Legend has it that the ancient Cynic Diogenes used to roam the streets of Athens during the day carrying a lantern and searching for an honest man. The aim of Cynicism was to strip away the conventions and customs from life to lay bear the truth of nature. Diogenes repudiated social values and institutions and once even defaced currency which led to his exile from his hometown of Sinope. Bill Maher assumes a Diogenic role in the documentary Religulous and searches for an answer to his questions about religion. However, his search is selective and his questions are like sinister Halloween candy concealing a critique of razor blades and glass.
While I watched Religulous I found myself both amused and disappointed at Maher’s attack on a host of religious straw-men. There are plenty of fundamentalist truckers, creation scientists, converted homosexuals, fundamentalist Imams, cannabis devotees, and people claiming to be the second coming of Christ. But, curiously absent are the philosophers and theologians who have spent the majority of their lives working through the thorny issues Maher wants to shine the light of his lantern upon. It would have been nice to see Maher interview Marcus Borg, John Dominic Crossan, Karen Armstrong, Elaine Pagels, or Houston Smith. Perhaps Maher wasn’t really looking for answers but merely an army of straw men to knock down in triumph. Marshall McLuhan’s famous dictum “the medium is the message” reveals that the sources you use will determine the answers you receive. Maher’s interlucutors are incapable of providing him with the answers he seeks and this lends support to his overal critique.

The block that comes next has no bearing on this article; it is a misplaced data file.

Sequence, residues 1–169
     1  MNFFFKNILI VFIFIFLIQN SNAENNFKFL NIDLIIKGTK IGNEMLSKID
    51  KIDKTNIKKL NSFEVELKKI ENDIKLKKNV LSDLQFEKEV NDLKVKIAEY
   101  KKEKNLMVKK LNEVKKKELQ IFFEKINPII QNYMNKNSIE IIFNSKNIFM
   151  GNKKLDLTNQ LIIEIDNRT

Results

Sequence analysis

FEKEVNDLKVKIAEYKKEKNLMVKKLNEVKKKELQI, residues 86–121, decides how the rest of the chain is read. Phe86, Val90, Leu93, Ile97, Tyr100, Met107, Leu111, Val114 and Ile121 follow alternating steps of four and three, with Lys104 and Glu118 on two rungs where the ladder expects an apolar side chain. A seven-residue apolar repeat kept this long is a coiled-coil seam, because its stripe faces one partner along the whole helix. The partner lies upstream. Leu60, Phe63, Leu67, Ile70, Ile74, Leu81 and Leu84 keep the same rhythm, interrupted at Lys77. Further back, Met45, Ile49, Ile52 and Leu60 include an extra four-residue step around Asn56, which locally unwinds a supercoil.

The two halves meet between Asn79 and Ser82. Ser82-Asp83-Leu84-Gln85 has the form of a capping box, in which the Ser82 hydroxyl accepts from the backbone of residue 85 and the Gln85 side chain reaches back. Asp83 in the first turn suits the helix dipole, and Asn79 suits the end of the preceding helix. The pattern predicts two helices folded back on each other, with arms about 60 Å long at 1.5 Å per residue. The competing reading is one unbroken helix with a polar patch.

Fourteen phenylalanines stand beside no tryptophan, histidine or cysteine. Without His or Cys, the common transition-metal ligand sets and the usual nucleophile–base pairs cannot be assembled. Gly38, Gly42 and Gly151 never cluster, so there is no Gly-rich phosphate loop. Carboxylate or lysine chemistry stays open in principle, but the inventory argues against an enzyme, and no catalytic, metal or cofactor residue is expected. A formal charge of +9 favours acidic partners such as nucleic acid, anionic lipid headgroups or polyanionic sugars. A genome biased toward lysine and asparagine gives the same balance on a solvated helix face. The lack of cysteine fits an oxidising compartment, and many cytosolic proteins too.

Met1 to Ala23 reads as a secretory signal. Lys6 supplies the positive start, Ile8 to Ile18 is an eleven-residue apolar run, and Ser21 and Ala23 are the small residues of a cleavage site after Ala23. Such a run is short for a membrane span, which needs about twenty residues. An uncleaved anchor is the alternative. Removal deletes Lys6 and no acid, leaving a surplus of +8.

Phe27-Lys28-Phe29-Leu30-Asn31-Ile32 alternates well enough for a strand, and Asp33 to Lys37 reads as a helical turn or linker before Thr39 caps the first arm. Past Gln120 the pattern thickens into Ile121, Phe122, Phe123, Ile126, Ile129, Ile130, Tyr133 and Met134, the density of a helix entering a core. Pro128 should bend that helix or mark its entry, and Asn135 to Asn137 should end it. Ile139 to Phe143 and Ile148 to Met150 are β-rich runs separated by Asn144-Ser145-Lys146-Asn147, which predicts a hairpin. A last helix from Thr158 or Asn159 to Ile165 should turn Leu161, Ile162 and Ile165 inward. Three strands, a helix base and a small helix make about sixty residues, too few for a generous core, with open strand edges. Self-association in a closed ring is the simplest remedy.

On the one hand, the documentary makes a good point: religion, like fire, can be dangerous in spite of its benefits. But, Rama Krishna’s reversal of this notion is instructive as well: “religion is like a cow: it kicks, but it gives milk too.” Maher offers a rational and cynical critique of religion by exposing its weaknesses through its most extreme representatives. Unwittingly, in his vitriolic critique of religion he ends up constructing his own religion. When it comes down to it, human beings are governed by a cognitive imperative which imposes order on reality in an effort to bind all of the disparate parts of life together and derive meaning from it. Religion (Latin religare: to tie back, to bind together) is the way human beings do that. Whether it is fundamentalist truckers explaining how the Shroud of Turin proves the virgin birth or a cynical comedian demonstrating the bankruptcy of religion through its most extreme caricatures, human beings are fundamentally religious. Religion is inescapable for human beings and Maher’s recommendation for its abandonment will only result in its transmutation.